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Billinghurst, Guillermo Enrique (1851–1915)

Billinghurst, Guillermo Enrique (1851–1915)

Guillermo Enrique Billinghurst (b. 1851; d. 1915), Peruvian populist president (1912–1914), heir to the dictatorial tradition of civilian caudillo Nicolás de Piérola. Born in Arica to a family whose wealth originated in the nitrate business, Billinghurst supported, financially and politically, Piérola's forceful actions to become president.

In 1894–1895 Billinghurst financed Piérola's forces fighting a civil war against General Andrés Cáceres. Following Piérola's success in 1895, Billinghurst became first vice president and president of the Chamber of Senators. In 1898 he was in charge of negotiating a settlement over the Chilean-occupied territories of Tacna and Arica, which was turned down by the Chilean legislature. Failing to obtain official support due to Piérola's pact with the Civilista Party, Billinghurst lost the presidential elections of 1899. However, after reorganizing Piérola's former Democratic Party in 1908, Billinghurst became mayor of Lima (1908) and in 1912 was finally elected president of the republic. Attempting to establish stronger executive and protectionist changes, he faced a strong opposition by the Civilistas. When he tried to close the legislature in 1914, Billinghurst was ousted by a military coup led by General Oscar Benavides. Billinghurst died in Iquique.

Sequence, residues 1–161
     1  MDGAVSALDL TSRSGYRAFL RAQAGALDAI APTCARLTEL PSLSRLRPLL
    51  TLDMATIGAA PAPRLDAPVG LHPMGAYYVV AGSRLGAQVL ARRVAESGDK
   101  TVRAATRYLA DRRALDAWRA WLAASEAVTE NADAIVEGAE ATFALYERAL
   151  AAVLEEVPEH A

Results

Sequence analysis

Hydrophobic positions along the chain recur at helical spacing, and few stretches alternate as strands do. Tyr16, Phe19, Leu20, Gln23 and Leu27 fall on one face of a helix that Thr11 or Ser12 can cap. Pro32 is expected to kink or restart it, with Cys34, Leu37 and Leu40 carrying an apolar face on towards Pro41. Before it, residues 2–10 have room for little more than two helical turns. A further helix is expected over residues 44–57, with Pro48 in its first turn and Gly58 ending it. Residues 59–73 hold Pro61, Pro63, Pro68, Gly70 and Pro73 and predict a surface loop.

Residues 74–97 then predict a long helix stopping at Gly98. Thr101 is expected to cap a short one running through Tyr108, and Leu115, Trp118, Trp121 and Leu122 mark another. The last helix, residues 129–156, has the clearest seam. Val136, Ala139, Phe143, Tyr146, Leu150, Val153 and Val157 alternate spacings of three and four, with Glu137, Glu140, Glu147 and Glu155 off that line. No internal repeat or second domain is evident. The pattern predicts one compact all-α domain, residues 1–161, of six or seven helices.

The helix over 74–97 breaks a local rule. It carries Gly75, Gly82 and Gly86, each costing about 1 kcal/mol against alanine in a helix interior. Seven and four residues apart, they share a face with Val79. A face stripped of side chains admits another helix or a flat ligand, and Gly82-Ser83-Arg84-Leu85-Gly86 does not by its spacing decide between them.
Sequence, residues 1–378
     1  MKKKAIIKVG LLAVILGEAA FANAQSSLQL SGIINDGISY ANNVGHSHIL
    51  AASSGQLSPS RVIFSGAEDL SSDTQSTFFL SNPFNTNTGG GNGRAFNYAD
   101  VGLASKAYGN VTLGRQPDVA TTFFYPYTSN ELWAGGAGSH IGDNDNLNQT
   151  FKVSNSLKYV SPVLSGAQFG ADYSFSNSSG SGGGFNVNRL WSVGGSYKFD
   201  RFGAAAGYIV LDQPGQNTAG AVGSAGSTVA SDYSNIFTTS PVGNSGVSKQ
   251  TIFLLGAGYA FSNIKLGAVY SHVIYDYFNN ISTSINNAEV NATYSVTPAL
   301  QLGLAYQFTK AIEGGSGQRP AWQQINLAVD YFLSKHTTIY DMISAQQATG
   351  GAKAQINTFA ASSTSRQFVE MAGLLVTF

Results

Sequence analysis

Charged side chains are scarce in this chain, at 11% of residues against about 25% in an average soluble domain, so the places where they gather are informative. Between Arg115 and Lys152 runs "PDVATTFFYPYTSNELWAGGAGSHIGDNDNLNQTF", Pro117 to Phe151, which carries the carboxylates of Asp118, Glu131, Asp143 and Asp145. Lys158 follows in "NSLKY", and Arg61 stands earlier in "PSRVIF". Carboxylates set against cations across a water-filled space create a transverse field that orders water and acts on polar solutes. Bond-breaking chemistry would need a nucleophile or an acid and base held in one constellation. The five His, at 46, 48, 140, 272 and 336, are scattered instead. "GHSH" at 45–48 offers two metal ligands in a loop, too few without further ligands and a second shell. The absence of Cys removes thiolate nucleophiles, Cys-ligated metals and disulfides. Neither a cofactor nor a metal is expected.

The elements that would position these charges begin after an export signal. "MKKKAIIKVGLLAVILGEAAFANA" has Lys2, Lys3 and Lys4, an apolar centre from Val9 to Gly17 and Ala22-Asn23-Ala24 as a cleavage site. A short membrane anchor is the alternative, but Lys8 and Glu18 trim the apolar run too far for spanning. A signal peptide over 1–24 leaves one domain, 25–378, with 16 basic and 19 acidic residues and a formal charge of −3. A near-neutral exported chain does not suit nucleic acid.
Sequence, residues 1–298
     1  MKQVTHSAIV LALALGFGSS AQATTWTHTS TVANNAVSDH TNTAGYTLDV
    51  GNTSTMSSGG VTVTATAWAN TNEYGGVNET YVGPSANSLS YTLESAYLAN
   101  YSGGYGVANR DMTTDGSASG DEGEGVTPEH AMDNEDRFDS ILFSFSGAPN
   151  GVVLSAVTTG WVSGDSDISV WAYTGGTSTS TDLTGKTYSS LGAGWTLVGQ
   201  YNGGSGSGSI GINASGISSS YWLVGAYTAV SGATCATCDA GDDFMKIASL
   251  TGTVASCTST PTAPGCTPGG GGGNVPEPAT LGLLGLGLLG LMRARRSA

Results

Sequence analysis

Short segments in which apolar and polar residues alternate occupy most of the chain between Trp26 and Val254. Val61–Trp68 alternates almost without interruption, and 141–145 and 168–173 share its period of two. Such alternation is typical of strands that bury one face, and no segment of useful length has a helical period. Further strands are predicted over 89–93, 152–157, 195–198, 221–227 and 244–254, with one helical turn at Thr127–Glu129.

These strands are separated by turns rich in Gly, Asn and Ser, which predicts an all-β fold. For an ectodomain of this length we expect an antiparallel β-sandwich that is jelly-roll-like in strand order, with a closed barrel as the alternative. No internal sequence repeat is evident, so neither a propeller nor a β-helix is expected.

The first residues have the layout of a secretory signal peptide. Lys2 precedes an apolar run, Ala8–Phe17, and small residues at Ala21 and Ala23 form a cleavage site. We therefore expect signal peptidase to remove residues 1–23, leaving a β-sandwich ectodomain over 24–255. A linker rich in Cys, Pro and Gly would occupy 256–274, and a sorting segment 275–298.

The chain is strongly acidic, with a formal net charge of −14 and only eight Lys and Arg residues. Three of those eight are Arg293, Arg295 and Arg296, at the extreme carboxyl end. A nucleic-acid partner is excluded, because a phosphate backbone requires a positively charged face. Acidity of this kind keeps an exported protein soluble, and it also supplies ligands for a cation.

See alsoPeru: Peru Since Independence .


Jorge Basadre, Historia de la Repú blica del Perú, vol. 8 (1964).

Steve Stein, Populism in Peru (1980).

Additional Bibliography

Gonzales, Osmar. Los orígenes del populismo en el Perú: El gobierno de Guillermo E. Billinghurst, 1912–1914. Lima: [s.n.], 2005.

                                   Alfonso W. Quiroz

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